Philippians 1:21-30 NRSV

In this reading Paul tells the Philippians that he would prefer to be with Christ beyond death, but he recognizes that he still has good work to do in his earthly life.

21 For to me, living is Christ and dying is gain. 22 If I am to live in the flesh, that means fruitful labor for me; and I do not know which I prefer. 23 I am hard pressed between the two: my desire is to depart and be with Christ, for that is far better; 24 but to remain in the flesh is more necessary for you. 25 Since I am convinced of this, I know that I will remain and continue with all of you for your progress and joy in faith, 26 so that I may share abundantly in your boasting in Christ Jesus when I come to you again.

27 Only, live your life in a manner worthy of the gospel of Christ, so that, whether I come and see you or am absent and hear about you, I will know that you are standing firm in one spirit, striving side by side with one mind for the faith of the gospel, 28 and are in no way intimidated by your opponents. For them this is evidence of their destruction, but of your salvation. And this is God’s doing. 29 For he has graciously granted you the privilege not only of believing in Christ, but of suffering for him as well— 30 since you are having the same struggle that you saw I had and now hear that I still have.

Matthew 20:1-16 NRSV

Our gospel is the story of the laborers in the vineyard, who are all paid the same wage despite their different hours of work.

[Jesus said to his disciples],1 “For the kingdom of heaven is like a landowner who went out early in the morning to hire laborers for his vineyard. 2 After agreeing with the laborers for the usual daily wage, he sent them into his vineyard. 3 When he went out about nine o’clock, he saw others standing idle in the marketplace; 4 and he said to them, ‘You also go into the vineyard, and I will pay you whatever is right.’ So they went. 5 When he went out again about noon and about three o’clock, he did the same. 6 And about five o’clock he went out and found others standing around; and he said to them, ‘Why are you standing here idle all day?’ 7 They said to him, ‘Because no one has hired us.’ He said to them, ‘You also go into the vineyard.’ 8 When evening came, the owner of the vineyard said to his manager, ‘Call the laborers and give them their pay, beginning with the last and then going to the first.’ 9 When those hired about five o’clock came, each of them received the usual daily wage. 10 Now when the first came, they thought they would receive more; but each of them also received the usual daily wage. 11 And when they received it, they grumbled against the landowner, 12 saying, ‘These last worked only one hour, and you have made them equal to us who have borne the burden of the day and the scorching heat.’ 13 But he replied to one of them, ‘Friend, I am doing you no wrong; did you not agree with me for the usual daily wage? 14 Take what belongs to you and go; I choose to give to this last the same as I give to you. 15 Am I not allowed to do what I choose with what belongs to me? Or are you envious because I am generous?’ 16 So the last will be first, and the first will be last.”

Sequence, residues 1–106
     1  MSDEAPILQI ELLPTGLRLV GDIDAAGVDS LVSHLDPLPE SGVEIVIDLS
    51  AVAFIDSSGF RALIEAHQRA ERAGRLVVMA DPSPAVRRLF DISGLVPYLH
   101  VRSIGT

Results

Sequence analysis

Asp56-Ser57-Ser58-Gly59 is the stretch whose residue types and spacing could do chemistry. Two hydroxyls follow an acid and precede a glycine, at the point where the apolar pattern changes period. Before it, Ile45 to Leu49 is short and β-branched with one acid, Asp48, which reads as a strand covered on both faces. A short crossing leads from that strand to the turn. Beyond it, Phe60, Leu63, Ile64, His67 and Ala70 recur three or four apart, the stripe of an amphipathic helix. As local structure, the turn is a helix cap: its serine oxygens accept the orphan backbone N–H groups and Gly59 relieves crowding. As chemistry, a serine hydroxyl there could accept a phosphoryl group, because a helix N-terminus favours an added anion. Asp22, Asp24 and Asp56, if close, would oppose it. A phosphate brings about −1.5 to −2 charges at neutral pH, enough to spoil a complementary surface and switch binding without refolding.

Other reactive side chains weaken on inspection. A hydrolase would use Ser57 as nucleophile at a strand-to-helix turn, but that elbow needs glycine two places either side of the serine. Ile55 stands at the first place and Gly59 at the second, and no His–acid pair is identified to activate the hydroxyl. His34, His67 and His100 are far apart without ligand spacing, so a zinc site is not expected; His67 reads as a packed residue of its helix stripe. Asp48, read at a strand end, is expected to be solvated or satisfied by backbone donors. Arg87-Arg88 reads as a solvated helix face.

Psalm 145:1-8 BCP 801

Our Psalm Response is a hymn of praise to the Lord, who is mighty in deeds yet tender and compassionate.

1 I will exalt you, O God my King, *
and bless your Name for ever and ever.

2 Every day will I bless you * and praise your Name for ever and ever.

3 Great is the Lord and greatly to be praised; *
there is no end to his greatness.

4 One generation shall praise your works to another *
and shall declare your power.

5 I will ponder the glorious splendor of your majesty *
and all your marvelous works.

6 They shall speak of the might of your wondrous acts, *
and I will tell of your greatness.

7 They shall publish the remembrance of your great goodness; *
they shall sing of your righteous deeds.

8 The Lord is gracious and full of compassion, *
slow to anger and of great kindness.

Supplemental Material

Am I not allowed to do what I choose with what belongs to me? Or are you envious because I am generous? “So the last will be first, and the first will be last.”

MATTHEW 20:15-16

Commentary on Matthew 20:1-16. A theological perspective.